FKIN (A)rt Friday

East Village Artist Paula C's Colonial Porn & Butterfly Pussies

For this special edition of FKIN (A)rt Friday, Erotic Intent wants you to meet East Village artist and longtime resident Paula C.

An avid gallery and museum goer, her interest in art began pretty much when she realized what art was, took her to art schools and international residencies and made her a fixture on the 80s and 90s Downtown New York art scene.

Below she generously shares her humorous, tongue-in cheek, and sweetly subversive Colonial Porn series as well as several painting from her Butterly Pussy collection and talks about art and life in the now virtually nonexistent East Village of the 80s and 90s.

The paintings are small, from about the size of a dinner plate, to about 15 - 20 inches tall.

All paintings are by Paula C. If you share, please credit Paula and the Perfect Fit Brand Erotic Intent blog.

Colonial Porn series by Paula C.

Colonial Porn series by Paula C.

When, why and from where did you move to New York City’s East Village?    

I moved to NYC in March 1979. In 1980, I moved to the East Village, where I still live. I moved from Oyster Bay, Long Island. I moved to New York City because that’s kind of what I was taught when I went to art school in Philly. That was their main objective, to teach you that you should move to New York City and try to become a successful artist. [Laughs] Kind of a weird trip, but that’s what one of the undercurrents of our education was.  I had been coming to New York since I was a kid, so I was in love with New York City ever since I was small. I started coming on school trips when we were in grade school and as a teenager I started to come into the city and hang out and then it was just inevitable that I would move to New York.    

Colonial Porn series by Paula C. Man With Cock

Colonial Porn series by Paula C.

What was it like then?    

The early 80s were a bit rough. Tompkins Park was a tent city. There was a lot of drug dealing around the East Village. It was tons of fun though, too. Even though the neighborhood was rough, the East Village, there were lots of openings and parties, clubs and free admission, free drinks. So, the early 80s were great. They were really fun, but there were a lot of friends getting mugged, women getting raped, there was a lot of horrible shit going on, also, in that period of time. But it was affordable. You could be an artist and run around the city and go out and get in for free and go to Studio 54 and places that were cool where we went to party.   

Colonial Porn series by Paula C.Colonial Porn series by Paula C.

Where did you like to go?    

I think in the 80s l liked Danceteria a lot and Area and I did go to Studio 54 a few times, but you had to get somebody to take you there. They wouldn’t let in women by themselves. I had to go with a guy, like a sort of suit type guy. There also was The Tunnel, Limelight, and Palladium.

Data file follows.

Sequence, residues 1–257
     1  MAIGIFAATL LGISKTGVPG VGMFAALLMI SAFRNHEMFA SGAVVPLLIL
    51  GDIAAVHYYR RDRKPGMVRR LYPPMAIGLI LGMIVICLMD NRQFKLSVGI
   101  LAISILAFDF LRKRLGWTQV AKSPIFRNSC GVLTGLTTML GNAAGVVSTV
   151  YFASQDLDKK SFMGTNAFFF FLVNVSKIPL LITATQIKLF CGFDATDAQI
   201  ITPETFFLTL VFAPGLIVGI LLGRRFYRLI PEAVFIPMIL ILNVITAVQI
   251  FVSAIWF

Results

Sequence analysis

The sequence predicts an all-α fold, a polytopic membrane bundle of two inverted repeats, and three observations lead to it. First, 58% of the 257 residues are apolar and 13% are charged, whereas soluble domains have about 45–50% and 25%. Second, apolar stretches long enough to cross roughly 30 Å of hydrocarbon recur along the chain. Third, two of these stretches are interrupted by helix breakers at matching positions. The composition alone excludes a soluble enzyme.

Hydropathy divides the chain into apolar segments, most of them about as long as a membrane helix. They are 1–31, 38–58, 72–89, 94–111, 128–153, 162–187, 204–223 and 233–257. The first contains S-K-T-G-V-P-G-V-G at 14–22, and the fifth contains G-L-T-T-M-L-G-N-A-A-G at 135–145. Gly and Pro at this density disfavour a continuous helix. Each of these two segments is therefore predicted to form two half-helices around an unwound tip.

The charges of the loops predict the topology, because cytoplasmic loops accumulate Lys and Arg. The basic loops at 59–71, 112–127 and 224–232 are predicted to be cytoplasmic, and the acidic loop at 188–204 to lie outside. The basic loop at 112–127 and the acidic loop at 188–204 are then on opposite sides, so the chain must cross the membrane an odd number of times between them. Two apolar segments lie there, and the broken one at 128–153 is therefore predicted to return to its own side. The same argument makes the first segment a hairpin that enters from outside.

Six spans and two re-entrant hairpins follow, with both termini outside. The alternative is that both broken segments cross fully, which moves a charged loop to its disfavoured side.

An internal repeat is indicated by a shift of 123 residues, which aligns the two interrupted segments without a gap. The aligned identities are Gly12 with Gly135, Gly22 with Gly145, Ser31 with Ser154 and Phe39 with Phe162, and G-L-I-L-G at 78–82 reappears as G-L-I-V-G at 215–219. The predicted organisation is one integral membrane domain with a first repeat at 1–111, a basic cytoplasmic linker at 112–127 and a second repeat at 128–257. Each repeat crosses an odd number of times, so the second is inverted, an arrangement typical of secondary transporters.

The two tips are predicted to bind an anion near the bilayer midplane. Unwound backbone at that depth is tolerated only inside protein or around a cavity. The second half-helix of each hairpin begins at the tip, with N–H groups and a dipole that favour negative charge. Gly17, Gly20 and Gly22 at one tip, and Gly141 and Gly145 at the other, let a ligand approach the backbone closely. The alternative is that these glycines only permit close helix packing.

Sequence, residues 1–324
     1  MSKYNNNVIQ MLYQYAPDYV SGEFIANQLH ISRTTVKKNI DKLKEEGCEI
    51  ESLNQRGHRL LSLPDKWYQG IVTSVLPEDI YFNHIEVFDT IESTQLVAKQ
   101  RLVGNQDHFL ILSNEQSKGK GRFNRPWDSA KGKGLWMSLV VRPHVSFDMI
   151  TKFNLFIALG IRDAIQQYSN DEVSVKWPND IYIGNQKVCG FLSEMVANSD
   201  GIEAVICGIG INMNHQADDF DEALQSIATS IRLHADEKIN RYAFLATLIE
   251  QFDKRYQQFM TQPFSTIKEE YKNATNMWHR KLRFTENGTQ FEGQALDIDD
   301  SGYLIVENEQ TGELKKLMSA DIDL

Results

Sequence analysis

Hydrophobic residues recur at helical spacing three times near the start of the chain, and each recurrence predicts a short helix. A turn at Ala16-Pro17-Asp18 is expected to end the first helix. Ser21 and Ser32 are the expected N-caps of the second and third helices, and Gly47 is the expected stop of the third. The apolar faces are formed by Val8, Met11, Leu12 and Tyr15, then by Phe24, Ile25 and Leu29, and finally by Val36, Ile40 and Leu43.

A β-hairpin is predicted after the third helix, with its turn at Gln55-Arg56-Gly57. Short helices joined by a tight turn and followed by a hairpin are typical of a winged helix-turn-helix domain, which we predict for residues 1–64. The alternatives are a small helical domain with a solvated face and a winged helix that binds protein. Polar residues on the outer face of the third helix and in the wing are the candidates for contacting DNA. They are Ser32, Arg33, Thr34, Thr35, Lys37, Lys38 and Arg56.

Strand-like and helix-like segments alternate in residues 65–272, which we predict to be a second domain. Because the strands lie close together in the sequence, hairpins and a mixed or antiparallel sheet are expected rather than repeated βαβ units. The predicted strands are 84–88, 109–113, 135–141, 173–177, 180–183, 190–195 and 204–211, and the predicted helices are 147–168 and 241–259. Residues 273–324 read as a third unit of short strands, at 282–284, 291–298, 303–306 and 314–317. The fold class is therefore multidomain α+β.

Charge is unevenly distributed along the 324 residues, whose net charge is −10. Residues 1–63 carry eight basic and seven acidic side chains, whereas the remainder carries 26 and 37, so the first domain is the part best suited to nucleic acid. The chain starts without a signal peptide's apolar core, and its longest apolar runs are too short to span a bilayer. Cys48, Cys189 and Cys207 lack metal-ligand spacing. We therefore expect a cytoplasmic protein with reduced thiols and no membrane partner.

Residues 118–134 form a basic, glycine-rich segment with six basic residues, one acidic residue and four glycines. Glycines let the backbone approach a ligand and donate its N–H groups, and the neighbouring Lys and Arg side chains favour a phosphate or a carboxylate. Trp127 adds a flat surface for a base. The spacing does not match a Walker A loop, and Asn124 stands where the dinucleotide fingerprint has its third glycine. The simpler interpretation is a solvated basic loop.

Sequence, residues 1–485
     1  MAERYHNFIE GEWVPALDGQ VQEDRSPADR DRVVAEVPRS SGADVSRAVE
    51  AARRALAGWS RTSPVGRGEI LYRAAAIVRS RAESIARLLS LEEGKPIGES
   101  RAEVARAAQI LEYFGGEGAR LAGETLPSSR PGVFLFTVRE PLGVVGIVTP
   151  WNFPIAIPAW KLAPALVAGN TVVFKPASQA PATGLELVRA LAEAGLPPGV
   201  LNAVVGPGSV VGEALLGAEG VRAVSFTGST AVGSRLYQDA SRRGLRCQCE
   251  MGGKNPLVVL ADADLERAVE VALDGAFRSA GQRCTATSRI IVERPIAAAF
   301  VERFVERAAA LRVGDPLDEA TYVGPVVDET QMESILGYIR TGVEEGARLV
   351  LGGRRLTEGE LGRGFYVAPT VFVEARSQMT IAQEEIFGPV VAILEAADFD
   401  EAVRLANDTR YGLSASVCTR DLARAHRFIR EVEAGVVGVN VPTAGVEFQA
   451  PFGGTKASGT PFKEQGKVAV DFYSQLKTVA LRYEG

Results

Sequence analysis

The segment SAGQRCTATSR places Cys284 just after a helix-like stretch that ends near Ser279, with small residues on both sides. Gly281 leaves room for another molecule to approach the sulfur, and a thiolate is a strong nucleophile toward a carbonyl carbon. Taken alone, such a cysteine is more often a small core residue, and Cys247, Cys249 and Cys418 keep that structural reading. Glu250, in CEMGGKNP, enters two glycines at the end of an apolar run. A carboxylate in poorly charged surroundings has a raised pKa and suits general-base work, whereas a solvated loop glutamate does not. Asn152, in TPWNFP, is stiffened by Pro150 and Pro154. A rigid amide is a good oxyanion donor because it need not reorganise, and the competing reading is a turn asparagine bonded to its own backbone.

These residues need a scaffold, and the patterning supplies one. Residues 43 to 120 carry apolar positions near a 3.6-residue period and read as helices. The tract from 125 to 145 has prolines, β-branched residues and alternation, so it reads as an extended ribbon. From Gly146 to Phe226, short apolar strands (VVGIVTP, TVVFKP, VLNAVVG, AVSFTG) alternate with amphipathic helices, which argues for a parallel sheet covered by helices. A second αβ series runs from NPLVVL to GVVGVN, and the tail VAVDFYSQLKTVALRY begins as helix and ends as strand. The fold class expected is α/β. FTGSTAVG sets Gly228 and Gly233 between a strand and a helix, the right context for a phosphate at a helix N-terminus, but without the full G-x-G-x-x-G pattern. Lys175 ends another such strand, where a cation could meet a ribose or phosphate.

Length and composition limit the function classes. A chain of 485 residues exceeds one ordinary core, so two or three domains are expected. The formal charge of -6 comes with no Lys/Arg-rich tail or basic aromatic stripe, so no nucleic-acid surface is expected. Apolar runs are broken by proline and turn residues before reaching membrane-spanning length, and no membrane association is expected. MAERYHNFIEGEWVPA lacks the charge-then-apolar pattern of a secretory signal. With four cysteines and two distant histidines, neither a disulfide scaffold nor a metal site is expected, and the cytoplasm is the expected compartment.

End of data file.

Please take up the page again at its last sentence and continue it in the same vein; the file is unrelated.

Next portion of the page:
Where were the artist hanging out?    

Danceteria was real art spot in a lot of ways. People gathered at art openings. Everything was in SoHo then, so it wasn’t in Chelsea or the Lower East Side. We would go to big openings by certain artists who’d gotten a name for themselves at the big galleries like Mary Boone and Leo Castelli. So everyone went and that’s where the artists met and there were often afterwards parties somewhere where you get in for free. There was a free drink hour or so if you could get lucky and get close enough to the bar and get yourself a drink.    

Colonial Porn series by Paula C.Colonial Porn series by Paula C.

Had you always be interested in art? A particular medium? And what drew you to art?    

From an early age, I loved art. When I was 12 years old, I went to MoMA, That was the END all. A profound experience. I never forgot it.    

What blew your mind at MoMA?    

Guernica by Picasso. I think seeing that huge painting of the war and the horse falling and the image of it all. That and a Louise Nevelson installation. I remember those two really distinctly. I was really moved by what art could be.    

When did you start making your own art? And what was the first thing that you did that made you think this is what I want to do?    

Actually, I started out with an interest in sculpture. It was much later on in art school that I realized that I wanted to go for painting instead, and I switched. I wasn’t very good at painting in those days. I like working with my hands, doing more sculptural multimedia things. I was into clay, early on, in high school days. I made sculptures and things I could sell, like all handmade planters and you know like art objects.    

Colonial Porn series by Paula C.

Colonial Porn series by Paula C.

When did you make the switch to painting and why?